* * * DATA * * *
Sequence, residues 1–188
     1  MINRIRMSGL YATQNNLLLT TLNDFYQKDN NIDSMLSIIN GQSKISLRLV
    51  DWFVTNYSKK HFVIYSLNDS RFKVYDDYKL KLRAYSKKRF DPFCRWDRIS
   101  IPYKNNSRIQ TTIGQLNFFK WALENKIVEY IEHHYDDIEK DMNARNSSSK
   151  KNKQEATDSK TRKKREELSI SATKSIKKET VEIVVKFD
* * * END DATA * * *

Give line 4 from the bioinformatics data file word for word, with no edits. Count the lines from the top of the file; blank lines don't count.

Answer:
   101  IPYKNNSRIQ TTIGQLNFFK WALENKIVEY IEHHYDDIEK DMNARNSSSK